A right to clean air, pure water, and to the preservation of the natural, scenic, historic and esthetic values of the environment.

Ferguson Township’s Board of Supervisors is protecting your water and working for the draw down of emissions to ensure our future climate security. Last night, we took action that shows that we are serious about our Home Rule Charter, our Community and Environmental Bill of Rights, and our commitment to Pennsylvania’s Green Amendment, Article 1, Section 27.

First, passed a Source Water Protection Overlay district. This zoning district covers the township, recognizes climate change as a distinct threat to the township’s source waters, provides a mechanism for precaution where new technologies are used that can negatively impact our water, ensures more oversight of a number of materials and land uses, and prohibits fracking operations, oil and gas injection wells, and liquid petroleum pipeline. In short, this zoning district was created to protect the good health, well-being, vitality, and legacy of Ferguson Township.

We also joined a petition to get Pennsylvania DEP to put a carbon Cap and Trade system in place. I did this for a number of reasons. Economists say we should price carbon. We have a constitutional duty that aligns with our Home Rule Charter. The cap and trade will work and, moreover, address a structural imbalance in the Pennsylvania budget. And we are joining good company.

First, economists are in broad agreement that the most efficient way to reduce greenhouse emissions is to put a price on them. In doing so, it drives up the price of dirty energy and other sources of greenhouse gas emissions while not affecting zero carbon sources of energy such as solar and wind.

Second, the proposed regulation follows the constitutional call for clean air, pure water, and the preservation of the natural, scenic, historic and esthetic values of the environment” in Article 1, Section 27. This board has embraced this Article throughout our tenure together.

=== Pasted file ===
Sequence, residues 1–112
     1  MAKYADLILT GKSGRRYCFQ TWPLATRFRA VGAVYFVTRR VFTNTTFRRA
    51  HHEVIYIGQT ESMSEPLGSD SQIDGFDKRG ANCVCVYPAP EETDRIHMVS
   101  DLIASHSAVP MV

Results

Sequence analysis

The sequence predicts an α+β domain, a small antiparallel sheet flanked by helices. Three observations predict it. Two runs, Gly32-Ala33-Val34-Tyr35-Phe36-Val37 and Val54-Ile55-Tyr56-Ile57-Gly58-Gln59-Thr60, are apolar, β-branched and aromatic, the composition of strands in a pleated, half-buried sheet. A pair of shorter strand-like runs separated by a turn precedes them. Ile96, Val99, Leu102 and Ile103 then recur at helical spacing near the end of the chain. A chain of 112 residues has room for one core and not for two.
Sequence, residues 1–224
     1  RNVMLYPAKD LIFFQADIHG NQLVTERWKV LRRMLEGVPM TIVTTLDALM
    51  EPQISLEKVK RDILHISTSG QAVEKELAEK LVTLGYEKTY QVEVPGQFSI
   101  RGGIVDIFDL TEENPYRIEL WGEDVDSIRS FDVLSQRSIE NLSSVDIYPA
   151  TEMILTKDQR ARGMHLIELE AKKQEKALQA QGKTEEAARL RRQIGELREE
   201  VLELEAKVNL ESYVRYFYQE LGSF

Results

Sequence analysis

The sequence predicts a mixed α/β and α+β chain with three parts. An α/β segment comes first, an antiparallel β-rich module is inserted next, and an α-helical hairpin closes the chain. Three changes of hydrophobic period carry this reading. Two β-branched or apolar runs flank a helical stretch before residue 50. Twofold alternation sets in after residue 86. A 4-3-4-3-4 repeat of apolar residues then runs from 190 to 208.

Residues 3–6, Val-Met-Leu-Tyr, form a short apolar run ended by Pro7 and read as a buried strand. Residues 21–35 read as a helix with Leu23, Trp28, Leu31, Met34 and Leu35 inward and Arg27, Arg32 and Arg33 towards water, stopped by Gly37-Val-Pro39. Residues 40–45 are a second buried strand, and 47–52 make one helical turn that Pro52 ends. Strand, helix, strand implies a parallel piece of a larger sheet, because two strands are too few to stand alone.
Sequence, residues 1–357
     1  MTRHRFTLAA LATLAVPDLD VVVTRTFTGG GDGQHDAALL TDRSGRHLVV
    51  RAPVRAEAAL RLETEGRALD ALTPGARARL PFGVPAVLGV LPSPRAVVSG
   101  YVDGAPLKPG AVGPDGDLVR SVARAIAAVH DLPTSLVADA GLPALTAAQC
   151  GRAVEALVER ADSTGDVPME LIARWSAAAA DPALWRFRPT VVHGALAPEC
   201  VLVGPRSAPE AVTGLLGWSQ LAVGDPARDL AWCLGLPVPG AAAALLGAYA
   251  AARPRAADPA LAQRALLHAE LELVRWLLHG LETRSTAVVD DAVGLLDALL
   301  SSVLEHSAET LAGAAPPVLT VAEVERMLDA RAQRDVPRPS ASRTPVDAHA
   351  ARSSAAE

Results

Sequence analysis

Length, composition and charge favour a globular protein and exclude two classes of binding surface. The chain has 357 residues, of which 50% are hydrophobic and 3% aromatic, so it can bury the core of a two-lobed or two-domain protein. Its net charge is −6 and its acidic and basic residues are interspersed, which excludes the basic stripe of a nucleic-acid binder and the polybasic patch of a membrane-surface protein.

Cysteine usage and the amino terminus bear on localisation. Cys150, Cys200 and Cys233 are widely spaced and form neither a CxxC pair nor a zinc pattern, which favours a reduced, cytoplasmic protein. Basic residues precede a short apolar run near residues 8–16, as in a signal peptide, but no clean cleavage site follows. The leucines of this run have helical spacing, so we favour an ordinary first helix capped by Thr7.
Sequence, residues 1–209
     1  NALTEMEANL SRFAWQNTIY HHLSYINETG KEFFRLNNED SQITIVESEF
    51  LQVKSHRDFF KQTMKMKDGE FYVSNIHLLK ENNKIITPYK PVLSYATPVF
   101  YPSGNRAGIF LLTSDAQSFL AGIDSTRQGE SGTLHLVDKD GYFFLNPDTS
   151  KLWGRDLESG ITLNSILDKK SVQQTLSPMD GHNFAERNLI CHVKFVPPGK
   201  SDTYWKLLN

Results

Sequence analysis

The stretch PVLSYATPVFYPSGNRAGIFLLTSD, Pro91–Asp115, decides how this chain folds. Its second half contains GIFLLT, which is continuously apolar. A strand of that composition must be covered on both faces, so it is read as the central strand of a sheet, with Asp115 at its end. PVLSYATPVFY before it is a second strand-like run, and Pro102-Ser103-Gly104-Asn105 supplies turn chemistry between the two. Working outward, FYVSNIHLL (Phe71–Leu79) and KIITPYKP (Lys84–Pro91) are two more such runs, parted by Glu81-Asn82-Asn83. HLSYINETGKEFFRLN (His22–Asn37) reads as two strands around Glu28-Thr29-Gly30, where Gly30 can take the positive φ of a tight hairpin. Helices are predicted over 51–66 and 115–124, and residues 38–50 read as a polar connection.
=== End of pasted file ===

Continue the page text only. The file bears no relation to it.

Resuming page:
Third, the Environmental Quality Board is empowered to regulate these emissions by the Supreme Court’s ruling on See Massachusetts v. EPA, 549 U.S. 497, 528-530 (2007) and the Air Pollution Control Act section 4005. Additionally, it aligns with Governor Wolf’s recent signing of Executive Order 2019-01 that seeks to reduce Pennsylvania emissions by 80% by 2050.

Fourth, cap begins at current emissions and lowers by 3% per year until PA reaches zero emissions from those sources, projected at 2052. At the same time that the cap comes down, the price per metric ton of carbon rises by 10% a year until it would meet the California price. It will begin at $10/ton. The allowances for the trading would be auctioned on a regular basis. Note: biogenic sources of greenhouse gases will not be included.

Fifth, the petitioners note that Pennsylvania has a “structural imbalance.” They write, “The most recent report of the Pennsylvania Independent Fiscal Office has concluded that there is a “structural imbalance” in the Pennsylvania budget.263 That report predicts a budget deficit of $1.709 billion for fiscal year 2018-2019, with the deficit ranging from a low of 1.446 billion to 1.750 billion over the next four fiscal years. 264 The revenue that this program will generate will alleviate and likely eliminate that structural deficit, removing the need to increase taxes on productive activities. Application of the 2020 reserve price (§ 147.211)265 and budget (91% of 2016 emissions) using the 2016 carbon dioxide emissions from the U.S. Energy Information System266 would produce a maximum and inflated revenue figure of $1.978 billion.

Sixth, the list of petitioners includes the Clean Air Council, the Commonwealth Law School Environmental Law and Sustainability Center at Widener Law School, Physicians for Social Responsibility of Pennsylvania, and a number of others including Marlborough Township. It would be great to have our board join them.

It was a good night.

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